Bedtime theology with the 2 yo...
Me: (Singing Amazing Grace)...that saved a wretch like me...
2 yo: Save? Who save?
Me: Jesus saves us.
2 yo: How Jesus save us?
Me: Well, Jesus loves us and will take us to heaven (that was way too simplistic but he's 2 and it's late)
2 yo: I don't want to go there.
Me: You don't want to go to heaven? Why not.
2 yo: I don't want to go, I don't like it.
Me: Well, how do you know? You haven't been there.
2 yo: I don't like the food there.
Me: You don't like the food there (laughing but trying not to). What kind of food do you think they have in heaven?
2 yo: Jesus food! (Giggles)
Me: You don't like Jesus food?
2 yo: NO! (Lots of giggles)
The adult comedic version of this is the oft-used quip that if the coffee isn't good in heaven, I'm not going. Or maybe that's the Lutheran version.
With a child's literalism, I think my toddler was conflating heaven and the physical church building, but I don't really know. He hadn't actually taken communion yet at this age, so he didn't know if the body of Christ, as we call the broken bread, was savory, sweet or cardboard-like. Who knows where his imagination was taking him, but it takes me to the myriad food imagery in Scriptures.
Eating is not unimportant to God, since Jesus himself does it, and creates a Sacramental act that requires ingesting bread and wine in which we mysteriously find the body and blood of Christ. He didn't have to do that. There could have been any number of other acts to do in remembrance of Him. We could have been commanded to wash feet, heal the sick, share with the poor (these are strongly encouraged). But these are not elevated to the sacred yet humble act of putting food and drink in our mouths, and swallowing.
Skim through the Old Testament and you'll find myriad images of holy eating and drinking. Moses and the Israelites were fed with manna and quail as they meandered toward the promised land, always finding just enough to satisfy. The prophet Isaiah speaks of a feast of well-aged wines and rich food filled with marrow (Isa. 25:6), which will be provided for all people. Ruth gleans the field for grain to feed herself and her mother-in-law, and it leads to to her future husband. Food brings challenges and judgment, too, in the Old Testament, too: think about the fruit in the Garden of Eden or the gluttony of some ancient kings.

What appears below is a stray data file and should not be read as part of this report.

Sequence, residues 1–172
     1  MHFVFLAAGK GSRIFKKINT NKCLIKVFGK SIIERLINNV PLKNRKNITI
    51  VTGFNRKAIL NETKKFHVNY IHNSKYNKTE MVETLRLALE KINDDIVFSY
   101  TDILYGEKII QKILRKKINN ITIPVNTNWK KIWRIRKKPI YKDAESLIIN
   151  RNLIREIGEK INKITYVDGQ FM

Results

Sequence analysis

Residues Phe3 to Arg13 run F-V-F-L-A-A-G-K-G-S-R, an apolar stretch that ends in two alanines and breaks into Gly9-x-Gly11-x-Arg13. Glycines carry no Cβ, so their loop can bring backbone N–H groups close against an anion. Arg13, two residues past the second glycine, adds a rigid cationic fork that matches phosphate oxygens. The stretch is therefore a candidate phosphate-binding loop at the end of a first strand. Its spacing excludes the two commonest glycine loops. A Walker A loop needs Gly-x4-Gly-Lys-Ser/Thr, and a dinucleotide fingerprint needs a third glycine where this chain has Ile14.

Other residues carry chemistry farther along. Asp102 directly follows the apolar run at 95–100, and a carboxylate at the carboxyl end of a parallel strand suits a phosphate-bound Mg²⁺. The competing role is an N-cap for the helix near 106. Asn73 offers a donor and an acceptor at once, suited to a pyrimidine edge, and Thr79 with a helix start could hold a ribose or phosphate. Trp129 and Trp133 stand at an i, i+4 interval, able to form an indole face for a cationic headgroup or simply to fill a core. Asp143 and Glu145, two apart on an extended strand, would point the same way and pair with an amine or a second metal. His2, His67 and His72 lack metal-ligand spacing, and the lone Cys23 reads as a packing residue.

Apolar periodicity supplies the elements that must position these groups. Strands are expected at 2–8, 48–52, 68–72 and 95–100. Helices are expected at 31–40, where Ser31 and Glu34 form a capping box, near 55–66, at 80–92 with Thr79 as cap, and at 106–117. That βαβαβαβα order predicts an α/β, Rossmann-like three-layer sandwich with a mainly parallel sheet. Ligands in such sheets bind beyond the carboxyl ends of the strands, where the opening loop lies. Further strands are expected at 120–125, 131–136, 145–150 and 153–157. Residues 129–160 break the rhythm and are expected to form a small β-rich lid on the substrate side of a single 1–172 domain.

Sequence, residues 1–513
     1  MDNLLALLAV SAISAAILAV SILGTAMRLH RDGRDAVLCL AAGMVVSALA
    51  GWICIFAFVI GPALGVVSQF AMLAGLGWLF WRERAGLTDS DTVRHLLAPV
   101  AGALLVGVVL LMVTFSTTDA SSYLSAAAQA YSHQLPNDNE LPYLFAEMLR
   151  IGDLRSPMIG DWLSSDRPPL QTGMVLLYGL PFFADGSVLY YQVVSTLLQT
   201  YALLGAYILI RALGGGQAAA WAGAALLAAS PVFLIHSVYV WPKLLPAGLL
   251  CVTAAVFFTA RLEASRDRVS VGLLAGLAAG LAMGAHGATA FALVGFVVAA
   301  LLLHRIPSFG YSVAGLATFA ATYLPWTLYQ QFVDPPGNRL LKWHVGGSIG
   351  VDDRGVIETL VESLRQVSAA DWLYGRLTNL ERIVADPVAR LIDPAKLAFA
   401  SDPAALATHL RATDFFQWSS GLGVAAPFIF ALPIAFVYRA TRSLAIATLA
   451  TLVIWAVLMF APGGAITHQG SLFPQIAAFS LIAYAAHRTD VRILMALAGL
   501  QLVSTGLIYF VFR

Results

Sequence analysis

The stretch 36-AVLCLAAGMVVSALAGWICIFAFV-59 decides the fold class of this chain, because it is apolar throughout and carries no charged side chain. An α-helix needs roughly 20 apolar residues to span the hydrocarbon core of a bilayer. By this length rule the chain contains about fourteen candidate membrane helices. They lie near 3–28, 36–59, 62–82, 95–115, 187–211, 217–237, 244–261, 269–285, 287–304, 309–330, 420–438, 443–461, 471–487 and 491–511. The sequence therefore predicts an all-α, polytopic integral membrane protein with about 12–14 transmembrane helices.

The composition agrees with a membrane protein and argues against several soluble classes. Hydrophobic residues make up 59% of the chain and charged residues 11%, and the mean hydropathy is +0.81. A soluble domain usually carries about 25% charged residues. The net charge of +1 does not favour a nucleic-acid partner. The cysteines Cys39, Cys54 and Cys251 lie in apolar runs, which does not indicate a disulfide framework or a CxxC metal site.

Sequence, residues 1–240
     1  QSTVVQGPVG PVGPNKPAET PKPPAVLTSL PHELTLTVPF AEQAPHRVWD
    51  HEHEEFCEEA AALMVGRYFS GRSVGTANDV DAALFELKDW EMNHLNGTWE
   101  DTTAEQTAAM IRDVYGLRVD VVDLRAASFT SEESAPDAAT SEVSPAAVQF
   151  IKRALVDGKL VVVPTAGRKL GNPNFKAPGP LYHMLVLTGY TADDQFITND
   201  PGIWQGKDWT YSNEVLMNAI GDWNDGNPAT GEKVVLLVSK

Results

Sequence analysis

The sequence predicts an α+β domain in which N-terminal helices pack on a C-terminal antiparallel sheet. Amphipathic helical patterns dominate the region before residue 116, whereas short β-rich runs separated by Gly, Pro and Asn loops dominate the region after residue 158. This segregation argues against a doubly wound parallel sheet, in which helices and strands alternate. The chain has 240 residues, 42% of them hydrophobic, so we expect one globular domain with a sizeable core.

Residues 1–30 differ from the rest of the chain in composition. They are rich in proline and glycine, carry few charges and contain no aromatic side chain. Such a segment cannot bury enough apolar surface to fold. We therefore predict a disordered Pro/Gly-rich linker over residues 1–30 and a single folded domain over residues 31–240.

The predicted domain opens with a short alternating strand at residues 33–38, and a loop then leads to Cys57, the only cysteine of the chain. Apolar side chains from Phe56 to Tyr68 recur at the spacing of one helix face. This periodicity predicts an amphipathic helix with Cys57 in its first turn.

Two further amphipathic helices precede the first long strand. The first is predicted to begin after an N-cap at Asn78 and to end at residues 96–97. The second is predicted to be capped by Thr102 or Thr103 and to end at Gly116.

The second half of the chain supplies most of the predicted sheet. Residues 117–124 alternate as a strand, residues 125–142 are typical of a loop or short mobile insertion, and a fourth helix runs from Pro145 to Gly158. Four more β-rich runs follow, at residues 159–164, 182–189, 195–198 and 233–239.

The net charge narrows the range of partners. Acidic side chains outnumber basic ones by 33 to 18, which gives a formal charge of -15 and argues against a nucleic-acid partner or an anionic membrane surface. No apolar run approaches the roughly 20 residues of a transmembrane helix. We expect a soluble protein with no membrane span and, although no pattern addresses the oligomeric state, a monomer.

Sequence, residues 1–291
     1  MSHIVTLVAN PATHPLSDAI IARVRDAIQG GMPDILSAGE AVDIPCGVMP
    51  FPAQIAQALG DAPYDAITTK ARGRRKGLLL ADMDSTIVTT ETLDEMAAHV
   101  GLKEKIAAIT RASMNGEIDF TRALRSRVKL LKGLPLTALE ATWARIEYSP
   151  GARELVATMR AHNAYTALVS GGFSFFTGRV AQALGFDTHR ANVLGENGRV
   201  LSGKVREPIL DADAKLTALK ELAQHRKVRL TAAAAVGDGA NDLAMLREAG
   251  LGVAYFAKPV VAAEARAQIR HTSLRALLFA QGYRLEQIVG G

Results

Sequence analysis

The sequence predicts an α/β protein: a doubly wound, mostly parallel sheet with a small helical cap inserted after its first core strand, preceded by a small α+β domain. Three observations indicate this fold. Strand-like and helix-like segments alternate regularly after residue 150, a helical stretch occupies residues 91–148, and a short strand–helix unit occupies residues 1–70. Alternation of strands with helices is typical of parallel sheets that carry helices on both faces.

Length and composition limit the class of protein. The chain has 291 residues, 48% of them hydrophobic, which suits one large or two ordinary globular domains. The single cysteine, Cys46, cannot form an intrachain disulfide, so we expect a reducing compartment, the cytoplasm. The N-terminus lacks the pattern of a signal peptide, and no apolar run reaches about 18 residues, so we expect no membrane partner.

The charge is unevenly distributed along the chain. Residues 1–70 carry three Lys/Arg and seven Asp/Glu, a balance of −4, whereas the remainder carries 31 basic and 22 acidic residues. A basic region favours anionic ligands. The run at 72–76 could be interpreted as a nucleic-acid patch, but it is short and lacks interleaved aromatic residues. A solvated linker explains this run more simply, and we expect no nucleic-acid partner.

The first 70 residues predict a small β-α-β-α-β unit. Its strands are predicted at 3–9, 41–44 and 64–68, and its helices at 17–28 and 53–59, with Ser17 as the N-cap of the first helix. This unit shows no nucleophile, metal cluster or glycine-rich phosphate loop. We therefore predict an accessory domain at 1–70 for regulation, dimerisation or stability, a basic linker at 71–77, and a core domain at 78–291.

Much of the New Testament imagery is about communal eating. The hungry are fed. A little bit of bread and fish miraculously goes a long way. The risen Christ cooks and eats fish on a beach. Early Christians debate whether to eat food sacrificed to idols, and take up collections for those without bread.
I'm glad these food images are in our scriptures. Food must matter to God, not just to meet our basic needs but even to enjoy it. There's a sacredness even in the profane pleasures of a steak cooked just right, a fish caught and grilled the same day, the perfectly ripe peach or the dark chocolate brownies pulled right from the oven.
In her book Take this Bread, author Sara Miles describes walking into a church as an atheist and having a transformative faith experience when she was invited to partake at the communion table. She is transformed by the experience of eating. She goes on to start food pantries across her city, her life made new after just one meal.
I've written elsewhere about my children's experiences taking communion, and I'm glad that they have, though things are different in a pandemic. It might take some extra effort to find the sacred in the meals we now eat, since they would be better shared in community and not just with our immediate family.
Still, I'm determined to find it. What is sacred about food now, when COVID prevents us from gathering at the Eucharistic table in the church building's sanctuary?
Recently, my now four-year-old and I made pumpkin bread for a friend living with cancer. It was sacred food. Our little family prays at dinner time and shares our highs and lows. It is sacred food. We put extra soup cans in our Instacart order for the food pantry. It is sacred food. We eat the frozen blueberries we picked together on a sunny August day. It is sacred food. We close our eyes and sigh in delight when we sip hot cocoa after hours spent playing outside in God's creation. It is sacred food. Perhaps the most important thing is to stop and call it that, and to do it together.
Note: Conversation occurred on January 25, 2019